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Trump Speech Signals More Disappointment for African Americans

By: Maya King, HU News Service (@mayaaliah)

Even before President Trump made it to the podium to deliver his first State of the Union address, African-American legislators signaled that they held little hope that his message would deliver good news to them or their constituencies.

Some, like Democratic Congressmen John Lewis (D-Ga.) and Maxine Waters (D-Calif.) refused to attend.  Meanwhile, other members of the Congressional Black Caucus who were present wore black and kente cloth to signal their disapproval of Trump’s comments on African nations he called “shitholes” earlier this month.

The president took a less strident approach as he boasted about America’s present and future success under his leadership. His one hour and 20-minute message was the second longest behind former President Bill Clinton.  It  included plans for $1.5 trillion in infrastructure improvements, a four-point immigration policy and an effort to lower prescription drug prices, among others. Those, he said, would be building blocks to his making good on his campaign promise to “Make America Great Again.”

Republicans met his words with roaring approval and standing ovations.  The majority of the Democrats present sat stoic in their seats. A few scoffed and hissed when the president mentioned how he wanted to move America’s immigration policies away from families and towards a system based on immigrants’ ability contribute to the U.S. economy.

Trump said he also has a plan to protect the more than 700,000 undocumented immigrants who were brought to America by their parents as children, commonly referred to as “dreamers.”   Still, he said, his first obligation is to current U.S. citizens.

“My duty…is to defend Americans—to protect their safety, their families, their communities and their right to the American Dream,” Trump said. “Because Americans are dreamers too.”

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Members’ antagonism was pronounced following Trump’s remarks on black unemployment numbers, saying they were the lowest on record. It didn’t sit well with representatives like Rep. Brenda Lawrence (D-Mich.), who felt the president was not telling the whole story of those figures.

“He was saying some of the right things, but his policies don’t align with them,” Lawrence said. “It’s not what you say, it’s what you do and what your policies are.”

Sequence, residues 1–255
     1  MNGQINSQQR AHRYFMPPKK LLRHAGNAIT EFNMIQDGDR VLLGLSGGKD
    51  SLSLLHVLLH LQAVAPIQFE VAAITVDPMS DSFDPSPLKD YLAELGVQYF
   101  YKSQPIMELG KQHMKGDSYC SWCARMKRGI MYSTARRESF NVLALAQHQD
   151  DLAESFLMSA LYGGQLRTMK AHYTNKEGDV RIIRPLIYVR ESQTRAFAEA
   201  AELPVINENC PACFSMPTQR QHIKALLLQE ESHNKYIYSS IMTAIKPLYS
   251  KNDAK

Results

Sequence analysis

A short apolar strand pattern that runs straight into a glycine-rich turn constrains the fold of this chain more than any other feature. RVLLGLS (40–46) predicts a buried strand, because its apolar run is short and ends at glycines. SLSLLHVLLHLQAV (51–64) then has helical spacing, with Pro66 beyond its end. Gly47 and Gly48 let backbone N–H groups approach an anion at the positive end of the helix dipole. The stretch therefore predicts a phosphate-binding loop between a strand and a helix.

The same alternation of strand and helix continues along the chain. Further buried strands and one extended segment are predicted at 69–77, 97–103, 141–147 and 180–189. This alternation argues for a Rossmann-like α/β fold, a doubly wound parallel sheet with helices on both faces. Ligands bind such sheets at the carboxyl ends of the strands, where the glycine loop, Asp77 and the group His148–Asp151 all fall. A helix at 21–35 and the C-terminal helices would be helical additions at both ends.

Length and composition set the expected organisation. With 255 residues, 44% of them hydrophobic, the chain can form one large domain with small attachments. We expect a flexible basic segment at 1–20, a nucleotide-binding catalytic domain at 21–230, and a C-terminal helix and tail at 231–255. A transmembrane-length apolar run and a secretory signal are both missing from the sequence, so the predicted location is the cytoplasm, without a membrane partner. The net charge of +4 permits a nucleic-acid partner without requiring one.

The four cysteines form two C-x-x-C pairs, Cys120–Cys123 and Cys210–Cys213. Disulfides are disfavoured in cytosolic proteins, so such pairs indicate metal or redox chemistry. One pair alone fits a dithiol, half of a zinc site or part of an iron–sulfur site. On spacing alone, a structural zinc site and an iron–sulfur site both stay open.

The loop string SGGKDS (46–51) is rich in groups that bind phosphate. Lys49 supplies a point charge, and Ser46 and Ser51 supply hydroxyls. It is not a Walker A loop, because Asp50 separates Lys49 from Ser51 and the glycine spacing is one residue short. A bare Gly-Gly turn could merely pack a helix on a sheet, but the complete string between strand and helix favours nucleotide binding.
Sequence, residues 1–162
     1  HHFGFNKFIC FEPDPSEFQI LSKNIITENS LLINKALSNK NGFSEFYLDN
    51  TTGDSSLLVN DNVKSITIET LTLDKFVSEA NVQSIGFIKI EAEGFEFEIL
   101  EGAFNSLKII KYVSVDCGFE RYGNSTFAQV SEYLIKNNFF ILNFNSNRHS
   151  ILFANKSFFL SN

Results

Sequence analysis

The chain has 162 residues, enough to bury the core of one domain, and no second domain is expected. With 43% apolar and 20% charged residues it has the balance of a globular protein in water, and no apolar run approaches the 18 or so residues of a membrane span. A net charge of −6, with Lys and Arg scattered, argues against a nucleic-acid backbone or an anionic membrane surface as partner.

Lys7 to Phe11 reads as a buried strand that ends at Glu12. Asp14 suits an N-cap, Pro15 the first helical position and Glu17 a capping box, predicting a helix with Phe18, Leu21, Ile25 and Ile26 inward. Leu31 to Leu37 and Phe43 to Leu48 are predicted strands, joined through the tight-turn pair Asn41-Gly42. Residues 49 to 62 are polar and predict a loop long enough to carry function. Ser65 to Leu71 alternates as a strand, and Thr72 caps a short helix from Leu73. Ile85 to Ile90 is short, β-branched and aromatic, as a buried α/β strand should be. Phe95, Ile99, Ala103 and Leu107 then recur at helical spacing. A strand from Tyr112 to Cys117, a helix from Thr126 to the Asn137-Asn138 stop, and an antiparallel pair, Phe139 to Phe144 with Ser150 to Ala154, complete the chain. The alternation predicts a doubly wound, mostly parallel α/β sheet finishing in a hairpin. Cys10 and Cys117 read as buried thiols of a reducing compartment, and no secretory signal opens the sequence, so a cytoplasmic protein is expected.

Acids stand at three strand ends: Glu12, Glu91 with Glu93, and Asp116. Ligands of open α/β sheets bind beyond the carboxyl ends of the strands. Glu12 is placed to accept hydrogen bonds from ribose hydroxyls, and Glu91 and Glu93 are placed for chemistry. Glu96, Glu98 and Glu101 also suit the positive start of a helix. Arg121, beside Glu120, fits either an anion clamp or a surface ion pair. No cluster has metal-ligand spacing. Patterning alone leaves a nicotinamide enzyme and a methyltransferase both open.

What Trump failed the mention was that the sharp decline in black unemployment began eight years ago under President Barack Obama, according to the Bureau of Labor Statistics. The rate peaked during the Great Recession in 2010 at 16.8%, which was the highest since 1984.  Trump has presided over one year of a continuation of a trend in which the rate has declined about 1 percentage point a year. Though the rate of unemployment for African Americans is at its lowest, it is still nearly double that of white Americans.

Members of the Congressional Black Caucus were especially defiant, making few attempts to acknowledge the president’s message.  Eight members of the more than a dozen Congressional members who boycotted Trump’s speech were members of the CBC.

“I will not sit and watch as Trump pretends that he’s off to a successful start.,” said Rep. Bobby Rush (D-Ill.) in a statement explaining his absence. “He’s not.  I refuse to participate in pomp and circumstance that does nothing but normalize his egregious and hateful behavior.”

Conservative members, however, approved of the president’s message.  They said it achieved the goal of unifying a deeply-divided Congress while criticizing Democrats for their refusal to acknowledge any part of it.

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“I think it’s incumbent on all of us to treat the president with respect,” said Ted Cruz (R-Texas), who alone shutdown the government during President Obama’s term with a filibuster that included reading a children’s book to Congress to maintain the floor. “We didn’t see that tonight. That is a sad statement of how extreme Washington Democrats got.”

Al Lawson, a freshman representative from northern Florida, said he is willing to push for bipartisanship in policymaking moving forward. He was one of few Democrats to stand up at certain times during the president’s address.

“He’s the president of the United States, and the issues that he talked about we deserve to do it,” Lawson said. “This is his forum and he said some things that are very important.”

As Democrats and Republicans ramp up efforts for the midterm elections, the president’s speech provided lawmakers on both sides of the aisle talking points. For Republicans, however, preparation could involve significant effort and policies that, to Cruz, will require “laser focus” to offset any Democratic victory.

“The 2018 is entirely about turnout,” he said. “The hard left will show up—and if conservatives show up, Republicans could have a big victory at the polls.”

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